The use of wine may be a “Matter of Conscience” when it comes to taking wine as a beverage. However, what the Lord command cannot be a “Matter of Conscience”.
What we are really talking about is a “tradition” among Southern Baptists.
Is it fair to make an application of another example where men imposed their tradition over the Word of God?
3 He answered and said to them, "Why do you also transgress the commandment of God because of your tradition?
4 For God commanded, saying, 'Honor your father and your mother'; and, 'He who curses father or mother, let him be put to death.'
5 But you say, 'Whoever says to his father or mother, "Whatever profit you might have received from me is a gift to God" —
6 then he need not honor his father or mother.' Thus you have made the commandment of God of no effect by your tradition.
Therefore a person may have scruples about the use of wine or any alcoholic beverage and be perfectly within their rights as a brother or sister in Christ. And other Christians must not despise him or her. In the same way the Christian who has scruples about wine or any other matter of conscience must not judge the brother or sister whose conscience is not so constrained. A careful study of Romans 14 will show that this is the rule for all believers.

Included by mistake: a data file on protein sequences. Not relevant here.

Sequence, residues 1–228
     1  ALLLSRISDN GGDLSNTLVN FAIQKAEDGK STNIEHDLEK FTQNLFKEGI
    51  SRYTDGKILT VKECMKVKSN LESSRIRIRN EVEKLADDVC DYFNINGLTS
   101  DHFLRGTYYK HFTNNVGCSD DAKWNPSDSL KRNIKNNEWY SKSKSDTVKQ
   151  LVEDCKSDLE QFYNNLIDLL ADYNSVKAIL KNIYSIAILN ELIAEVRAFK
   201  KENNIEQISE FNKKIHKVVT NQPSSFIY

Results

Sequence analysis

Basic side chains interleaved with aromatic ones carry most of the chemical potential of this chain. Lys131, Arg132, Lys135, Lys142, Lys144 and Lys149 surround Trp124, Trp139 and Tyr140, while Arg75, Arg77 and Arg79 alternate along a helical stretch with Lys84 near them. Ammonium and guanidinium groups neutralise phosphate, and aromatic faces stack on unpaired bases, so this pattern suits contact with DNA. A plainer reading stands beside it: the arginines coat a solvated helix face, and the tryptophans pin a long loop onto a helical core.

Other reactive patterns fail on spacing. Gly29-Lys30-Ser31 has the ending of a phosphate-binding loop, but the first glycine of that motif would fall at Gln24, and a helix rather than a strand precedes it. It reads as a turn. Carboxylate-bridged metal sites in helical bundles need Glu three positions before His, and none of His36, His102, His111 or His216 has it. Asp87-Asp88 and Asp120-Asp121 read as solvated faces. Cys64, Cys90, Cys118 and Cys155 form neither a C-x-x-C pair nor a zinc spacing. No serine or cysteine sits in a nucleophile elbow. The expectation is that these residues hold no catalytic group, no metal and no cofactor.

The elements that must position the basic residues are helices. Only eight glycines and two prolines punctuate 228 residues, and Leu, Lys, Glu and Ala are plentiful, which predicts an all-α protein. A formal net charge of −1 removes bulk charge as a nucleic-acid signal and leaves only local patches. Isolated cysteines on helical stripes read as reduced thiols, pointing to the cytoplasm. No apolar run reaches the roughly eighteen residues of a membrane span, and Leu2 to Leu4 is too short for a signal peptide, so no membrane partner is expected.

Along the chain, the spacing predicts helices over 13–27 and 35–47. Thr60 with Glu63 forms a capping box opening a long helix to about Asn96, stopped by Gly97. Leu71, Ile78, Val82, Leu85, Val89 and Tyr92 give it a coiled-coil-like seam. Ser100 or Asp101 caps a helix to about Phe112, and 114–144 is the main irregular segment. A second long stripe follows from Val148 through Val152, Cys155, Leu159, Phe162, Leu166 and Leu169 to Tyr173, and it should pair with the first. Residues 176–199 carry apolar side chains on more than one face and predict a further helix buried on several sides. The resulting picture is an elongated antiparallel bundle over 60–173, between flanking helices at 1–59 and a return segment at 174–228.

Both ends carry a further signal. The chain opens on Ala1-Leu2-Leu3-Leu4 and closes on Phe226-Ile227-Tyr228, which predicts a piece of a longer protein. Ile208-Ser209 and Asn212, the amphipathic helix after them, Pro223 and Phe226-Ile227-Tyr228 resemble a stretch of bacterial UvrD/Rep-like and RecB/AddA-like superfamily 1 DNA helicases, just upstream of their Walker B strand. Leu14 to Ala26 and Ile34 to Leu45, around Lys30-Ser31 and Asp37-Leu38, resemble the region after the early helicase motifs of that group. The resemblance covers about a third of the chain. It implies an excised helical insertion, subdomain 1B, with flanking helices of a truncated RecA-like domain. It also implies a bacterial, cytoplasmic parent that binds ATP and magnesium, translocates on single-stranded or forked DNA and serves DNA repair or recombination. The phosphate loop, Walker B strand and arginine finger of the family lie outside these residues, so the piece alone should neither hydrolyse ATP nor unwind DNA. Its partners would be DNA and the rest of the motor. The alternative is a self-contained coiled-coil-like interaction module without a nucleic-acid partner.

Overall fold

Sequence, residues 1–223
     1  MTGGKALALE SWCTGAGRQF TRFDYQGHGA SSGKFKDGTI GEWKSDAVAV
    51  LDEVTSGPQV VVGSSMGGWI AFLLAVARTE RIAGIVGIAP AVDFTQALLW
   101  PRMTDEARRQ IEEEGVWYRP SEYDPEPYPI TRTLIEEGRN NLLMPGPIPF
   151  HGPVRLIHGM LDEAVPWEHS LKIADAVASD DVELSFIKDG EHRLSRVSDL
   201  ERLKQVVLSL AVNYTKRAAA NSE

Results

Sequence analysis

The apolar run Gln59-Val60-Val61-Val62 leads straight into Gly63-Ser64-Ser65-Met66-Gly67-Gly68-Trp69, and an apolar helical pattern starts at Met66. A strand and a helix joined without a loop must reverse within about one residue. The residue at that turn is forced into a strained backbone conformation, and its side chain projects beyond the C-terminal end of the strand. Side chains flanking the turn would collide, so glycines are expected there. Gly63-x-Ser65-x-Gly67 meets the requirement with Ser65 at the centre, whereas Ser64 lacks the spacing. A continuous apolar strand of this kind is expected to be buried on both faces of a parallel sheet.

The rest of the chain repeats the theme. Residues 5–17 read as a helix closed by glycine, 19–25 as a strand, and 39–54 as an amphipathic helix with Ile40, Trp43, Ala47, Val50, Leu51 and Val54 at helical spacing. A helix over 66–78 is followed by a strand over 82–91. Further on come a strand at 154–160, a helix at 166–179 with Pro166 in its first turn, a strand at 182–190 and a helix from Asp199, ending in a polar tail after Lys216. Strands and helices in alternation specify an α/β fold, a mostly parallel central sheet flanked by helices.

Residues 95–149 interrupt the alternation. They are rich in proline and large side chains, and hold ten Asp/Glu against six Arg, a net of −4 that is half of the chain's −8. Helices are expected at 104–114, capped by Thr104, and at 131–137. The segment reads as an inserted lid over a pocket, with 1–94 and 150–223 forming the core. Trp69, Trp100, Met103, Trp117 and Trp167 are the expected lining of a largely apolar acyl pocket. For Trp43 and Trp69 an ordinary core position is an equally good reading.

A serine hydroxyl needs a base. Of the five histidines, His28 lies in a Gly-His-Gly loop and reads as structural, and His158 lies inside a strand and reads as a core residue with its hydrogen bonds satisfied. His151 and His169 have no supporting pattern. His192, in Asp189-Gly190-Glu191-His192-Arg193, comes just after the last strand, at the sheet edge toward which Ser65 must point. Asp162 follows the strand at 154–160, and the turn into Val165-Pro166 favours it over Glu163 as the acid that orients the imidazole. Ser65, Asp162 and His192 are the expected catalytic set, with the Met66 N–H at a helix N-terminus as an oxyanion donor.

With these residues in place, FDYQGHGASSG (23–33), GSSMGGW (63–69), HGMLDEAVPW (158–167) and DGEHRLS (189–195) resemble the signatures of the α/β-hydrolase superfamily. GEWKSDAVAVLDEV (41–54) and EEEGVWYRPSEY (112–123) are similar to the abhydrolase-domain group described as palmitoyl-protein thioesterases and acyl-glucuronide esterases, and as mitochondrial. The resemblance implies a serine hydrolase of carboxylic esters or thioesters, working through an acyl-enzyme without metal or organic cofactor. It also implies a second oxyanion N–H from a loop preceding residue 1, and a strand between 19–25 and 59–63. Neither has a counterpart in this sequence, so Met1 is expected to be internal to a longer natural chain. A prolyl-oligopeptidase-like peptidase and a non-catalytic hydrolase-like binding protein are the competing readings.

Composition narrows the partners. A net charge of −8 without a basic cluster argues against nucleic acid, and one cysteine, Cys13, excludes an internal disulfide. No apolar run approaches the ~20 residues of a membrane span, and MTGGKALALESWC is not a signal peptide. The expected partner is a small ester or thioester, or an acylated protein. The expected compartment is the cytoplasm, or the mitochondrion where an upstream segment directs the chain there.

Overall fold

Therefore to repeat the above: The use of wine may be a “Matter of Conscience” when it comes to taking wine as a beverage. However, what the Lord commands cannot be a “Matter of Conscience”.
What are some of the pragmatic issues?
Will this particular use of wine, i.e., in the Lord’s Supper, encourage anyone to take up the use of wine or other intoxicating beverages? There are ample warnings about drunkenness? 1 Cor 5:11; 6:9-11
Will not our sister Southern Baptist churches take offense?
Probably, but they will have to answer to the Lord for their practice just as we must.
What about believers who are under the legal age for alcoholic beverages?
The amount of alcohol consumed is not nearly as much is in a dose of some cough medicines.
What are some other considerations?
Someone wisely pointed out that in our concern for not offending those who have scruples about the use of any wine for any reason, have we ignored the fact that some may be offended because we do not follow the Lord’s command?
Would the Lord command us to do anything that is inherently harmful?
Why do we as Baptists insist on following the Scripture when it comes to baptism [believers only by immersion] and then compromise on the Lord’s Supper?
For those who cannot be convinced that the use of wine is proper, we would have non-alcoholic grape juice available in each tray for anyone who is opposed to using wine.
Please give these comments your careful and prayerful consideration. There will be further discussions before this matter is put before the church.
June 21, 2004
On August 24, 2004 after several studies on this issue the Church voted to use wine in the Lord’s Supper. To accommodate anyone who has scruples about using wine we will offer both wine and juice when the Lord’s Supper is served.